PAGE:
Gregory Nagy is the primary author of Classical Inquiries. He is the Francis Jones Professor of Classical Greek Literature and Professor of Comparative Literature at Harvard University, and is the Director of the Center for Hellenic Studies, Washington, DC. In his publications, he has pioneered an approach to Greek literature that integrates diachronic and synchronic perspectives. His books include The Best of the Achaeans: Concepts of the Hero in Archaic Greek Poetry (Baltimore: Johns Hopkins University Press, 1979), which won the Goodwin Award of Merit, American Philological Association, in 1982; also Pindar’s Homer: The Lyric Possession of an Epic Past (Baltimore: Johns Hopkins University Press, 1990), Poetry as Performance: Homer and Beyond (Cambridge: Cambridge University Press, 1996), Homeric Questions (Austin: University of Texas Press, 1996), Homeric Responses (Austin: University of Texas Press, 2003), Homer’s Text and Language (University of Illinois Press, 2004), Homer the Classic (Center for Hellenic Studies, online 2008, Harvard University Press, print 2009), Homer the Preclassic (Center for Hellenic Studies, online 2009, University of California Press, print 2010), and The Ancient Greek Hero in 24 Hours. (Harvard University Press, print 2013, and Center for Hellenic Studies, epub 2013). He co-edited with Stephen A. Mitchell the 40th anniversary second edition of Albert Lord’s The Singer of Tales (Harvard Studies in Comparative Literature vol. 24; Harvard University Press, 2000), co-authoring with Mitchell the new Introduction, pp. vii–xxix.
Keith Stone is the primary editor of Classical Inquiries. He is the Head Teaching Fellow of the Harvard College course Culture and Belief 22: The Ancient Greek Hero and Fellow in Pedagogical Development and Comparative Study of Ancient Texts (Greek Septuagint and Hebrew Bible) at Harvard’s Center for Hellenic Studies. He earned his PhD from Harvard University in 2013 with a dissertation titled “Singing Moses’s Song: A Performance-Critical Analysis of Deuteronomy’s Song of Moses,” which was published under the same title in 2016 by the Ilex Foundation. Within ancient Israelite literature, religion, and history, his research focuses on the dynamics of performing in traditional settings, particularly within traditions linked to founders. Among his secondary interests are Northwest Semitic languages and inscriptions, land ideology, the psychology of abuse and trauma in biblical texts, and ancient Greek myth and hero cult. Professionally, his experience and goals include undergraduate education (e.g., student life, advising), educational technology development, instructional design, and language instruction at all levels.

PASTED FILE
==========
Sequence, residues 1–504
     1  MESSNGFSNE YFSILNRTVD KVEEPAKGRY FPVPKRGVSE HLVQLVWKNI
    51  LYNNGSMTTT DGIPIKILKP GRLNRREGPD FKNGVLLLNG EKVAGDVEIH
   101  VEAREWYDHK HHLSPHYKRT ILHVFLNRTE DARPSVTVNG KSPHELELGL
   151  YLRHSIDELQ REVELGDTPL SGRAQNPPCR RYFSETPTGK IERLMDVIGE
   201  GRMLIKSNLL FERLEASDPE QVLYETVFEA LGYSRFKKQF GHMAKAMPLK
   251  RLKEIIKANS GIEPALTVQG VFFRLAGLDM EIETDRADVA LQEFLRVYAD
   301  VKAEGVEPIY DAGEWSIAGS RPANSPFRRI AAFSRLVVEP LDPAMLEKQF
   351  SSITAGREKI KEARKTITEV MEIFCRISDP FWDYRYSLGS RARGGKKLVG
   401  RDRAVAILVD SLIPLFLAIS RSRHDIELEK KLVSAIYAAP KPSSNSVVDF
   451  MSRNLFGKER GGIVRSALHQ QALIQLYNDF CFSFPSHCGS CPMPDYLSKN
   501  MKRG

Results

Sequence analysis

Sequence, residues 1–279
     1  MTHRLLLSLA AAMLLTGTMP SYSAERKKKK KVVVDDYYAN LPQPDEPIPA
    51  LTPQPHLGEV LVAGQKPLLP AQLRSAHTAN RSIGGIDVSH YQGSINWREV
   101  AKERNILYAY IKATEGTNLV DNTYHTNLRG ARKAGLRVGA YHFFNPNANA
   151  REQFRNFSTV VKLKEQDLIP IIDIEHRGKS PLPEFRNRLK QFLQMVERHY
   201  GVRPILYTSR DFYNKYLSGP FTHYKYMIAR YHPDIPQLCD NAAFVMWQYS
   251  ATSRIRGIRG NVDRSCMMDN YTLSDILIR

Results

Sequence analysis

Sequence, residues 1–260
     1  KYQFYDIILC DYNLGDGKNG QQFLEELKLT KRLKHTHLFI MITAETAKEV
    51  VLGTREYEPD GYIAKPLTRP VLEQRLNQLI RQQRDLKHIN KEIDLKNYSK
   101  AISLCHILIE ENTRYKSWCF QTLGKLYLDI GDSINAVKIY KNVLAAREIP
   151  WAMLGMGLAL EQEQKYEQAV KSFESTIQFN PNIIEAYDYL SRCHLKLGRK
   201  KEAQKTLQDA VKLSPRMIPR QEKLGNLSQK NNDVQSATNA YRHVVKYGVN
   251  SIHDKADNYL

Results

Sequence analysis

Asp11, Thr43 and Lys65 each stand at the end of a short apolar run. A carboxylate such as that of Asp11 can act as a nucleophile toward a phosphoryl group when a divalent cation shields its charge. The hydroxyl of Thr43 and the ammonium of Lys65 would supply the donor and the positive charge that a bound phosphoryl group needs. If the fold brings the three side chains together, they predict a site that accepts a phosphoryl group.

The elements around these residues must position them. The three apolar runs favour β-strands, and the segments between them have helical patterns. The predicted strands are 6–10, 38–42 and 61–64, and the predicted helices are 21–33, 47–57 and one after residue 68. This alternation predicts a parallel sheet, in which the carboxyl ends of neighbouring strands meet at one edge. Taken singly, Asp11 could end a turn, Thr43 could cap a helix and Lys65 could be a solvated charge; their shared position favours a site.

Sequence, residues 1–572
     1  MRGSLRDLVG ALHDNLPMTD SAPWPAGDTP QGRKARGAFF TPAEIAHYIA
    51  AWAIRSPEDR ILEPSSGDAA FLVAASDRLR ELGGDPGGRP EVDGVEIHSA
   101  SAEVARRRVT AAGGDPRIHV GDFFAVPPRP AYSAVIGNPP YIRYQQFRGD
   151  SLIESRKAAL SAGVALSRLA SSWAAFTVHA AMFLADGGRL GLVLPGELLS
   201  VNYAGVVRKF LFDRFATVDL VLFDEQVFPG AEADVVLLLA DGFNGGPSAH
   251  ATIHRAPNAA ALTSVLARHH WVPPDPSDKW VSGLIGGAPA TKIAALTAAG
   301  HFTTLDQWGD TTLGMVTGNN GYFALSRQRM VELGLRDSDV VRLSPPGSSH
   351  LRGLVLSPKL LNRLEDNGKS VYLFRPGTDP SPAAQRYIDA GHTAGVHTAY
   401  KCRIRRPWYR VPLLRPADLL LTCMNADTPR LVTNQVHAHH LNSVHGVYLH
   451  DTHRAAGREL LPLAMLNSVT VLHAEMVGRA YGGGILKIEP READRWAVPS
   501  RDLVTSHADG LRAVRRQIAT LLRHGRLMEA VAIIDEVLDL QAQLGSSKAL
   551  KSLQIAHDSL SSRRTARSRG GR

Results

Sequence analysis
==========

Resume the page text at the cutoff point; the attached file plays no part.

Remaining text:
Leonard Muellner is an author of Classical Inquiries. He is Professor of Classical Studies at Brandeis University and Director for IT and Publications at Harvard’s Center for Hellenic Studies. Educated at Harvard (Ph.D. 1973), his scholarly interests center on Homeric epic, with special interests in historical linguistics, anthropological approaches to the study of myth, and the poetics of oral traditional poetry. His recent work includes “Grieving Achilles,” in Homeric Contexts: Neoanalysis and the Interpretation of Oral Poetry, ed. A. Rengakos, F. Montanari, and C. Tsagalis, Trends in Classics, Supplementary Volume 12, Berlin, 2012, pp. 187–210, and “Homeric Anger Revisited,” Classics@ Issue 9: Defense Mechanisms, Center for Hellenic Studies, Washington, DC, September, 2011.
Noel Spencer is the web producer of Classical Inquiries. He is the Manager of Online Content and an Editorial Associate at the Center for Hellenic Studies in Washington, DC. He holds an MEd from Auburn University, where he concentrated on language and literature for secondary students. As part of his commitment to open access, he works with humanities students to develop their technological skills so that they can aid in the creation of freely accessible scholarly resources.
Claudia Filos was co-editor of Classical Inquiries from February 2015 through February 2017, while Manager for Curriculum and Community Development at Harvard’s Center for Hellenic Studies. She holds an MA from Brandeis University, and her thesis is titled “Steadfast in a Multiform Tradition: ἔμπεδος and ἀσφαλής in Homer and Beyond.” Her teaching and research interests include Homer, oral traditions, Indo-European poetics, and the cult of saints in late antiquity. Through the study and creation of open access resources, she seeks to build community and to support engagement with ancient Greek poetry, in translation or in the original, outside the traditional university setting.